Reconstructions of this kind, which probably took place during the reign of Khufu or shortly thereafter, did not much alter the form of the mastabas. However, other alterations pursued at the same time and later had considerable impact on the size and layout of the tombs. Three methods of changing the original design can be distinguished in the monuments of the Western Cemetery. The first left the core of the mastaba intact and added new structures to the existing one. The second broke a hole in the existing core or removed part of the existing mastaba and built a chapel in the new space created (fig. 15 f). Although this procedure seriously interfered with the original structure, it was undertaken in a considerable number of tombs,28 the earliest of which are the huge twin mastabas in G 7000.29 The third method, which seems to have developed from the second, did not modify an existing structure but rather created a new design in which the chapel was built within a space left inside the core. This last procedure was used in the tombs surrounding the nucleus cemeteries and can be dated to the reigns of Khafre and Menkaure.30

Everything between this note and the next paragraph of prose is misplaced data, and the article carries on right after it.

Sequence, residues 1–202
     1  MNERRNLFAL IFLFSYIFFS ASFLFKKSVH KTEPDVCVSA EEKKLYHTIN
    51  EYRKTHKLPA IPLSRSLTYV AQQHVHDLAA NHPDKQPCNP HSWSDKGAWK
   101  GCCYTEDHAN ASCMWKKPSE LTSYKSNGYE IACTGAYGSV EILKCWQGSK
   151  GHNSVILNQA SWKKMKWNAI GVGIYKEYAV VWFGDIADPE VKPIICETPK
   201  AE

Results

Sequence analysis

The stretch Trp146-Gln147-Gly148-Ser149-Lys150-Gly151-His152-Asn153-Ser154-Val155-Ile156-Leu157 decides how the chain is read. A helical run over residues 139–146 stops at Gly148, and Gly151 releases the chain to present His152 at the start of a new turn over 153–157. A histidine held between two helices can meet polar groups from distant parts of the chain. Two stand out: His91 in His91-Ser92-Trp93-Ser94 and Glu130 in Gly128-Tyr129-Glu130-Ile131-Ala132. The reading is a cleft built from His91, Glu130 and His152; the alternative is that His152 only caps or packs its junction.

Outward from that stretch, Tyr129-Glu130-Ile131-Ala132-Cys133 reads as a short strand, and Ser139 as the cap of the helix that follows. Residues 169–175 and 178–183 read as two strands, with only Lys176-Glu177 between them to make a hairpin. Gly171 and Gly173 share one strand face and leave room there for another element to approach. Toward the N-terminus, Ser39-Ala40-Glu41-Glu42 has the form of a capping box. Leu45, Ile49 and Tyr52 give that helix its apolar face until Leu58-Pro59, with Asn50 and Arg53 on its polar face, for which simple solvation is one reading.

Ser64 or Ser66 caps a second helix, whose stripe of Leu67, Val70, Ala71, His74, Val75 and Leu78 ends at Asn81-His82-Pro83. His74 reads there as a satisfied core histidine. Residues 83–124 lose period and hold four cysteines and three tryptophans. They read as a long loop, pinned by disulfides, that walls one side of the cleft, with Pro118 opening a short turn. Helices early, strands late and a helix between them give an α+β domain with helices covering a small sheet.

The first method allowed different kinds of alteration to the form of the tomb, which can be observed in the archaeological remains (fig. 15 ). The simplest variation, visible in the tomb of Nefer (G 2110) (fig. 15 c), involved setting up two false doors in the east facade and adding a stone chapel around the main false door.31 A more complicated alteration, undertaken in the tomb of Ka-ni-nisut I, from the end of the Fourth Dynasty (G 2155) (fig. 15 d), not only introduced a casing but also extended the mastaba core to the south by building a new structure that contained the offering chamber and a serdab behind the south false door.32 A third variation incorporated a chapel or offering place in the mass by constructing it within masonry that was added to the entire east side of the original core (fig. 15 e).33 An impressive example of such an enlargement is the monumental mastaba of Hemiunu (G 4000) (fig. 15 a).34 In the east facade of the original core of this tomb two holes were broken out and reconstructed as serdabs, the north one containing the owner’s splendid statue (fig. 15 b; cat. no. 44). A long, narrow corridor with two false doors in its west wall and an entrance at its south end was erected in the new masonry. A small mud-brick structure was placed in front of the entrance to the corridor.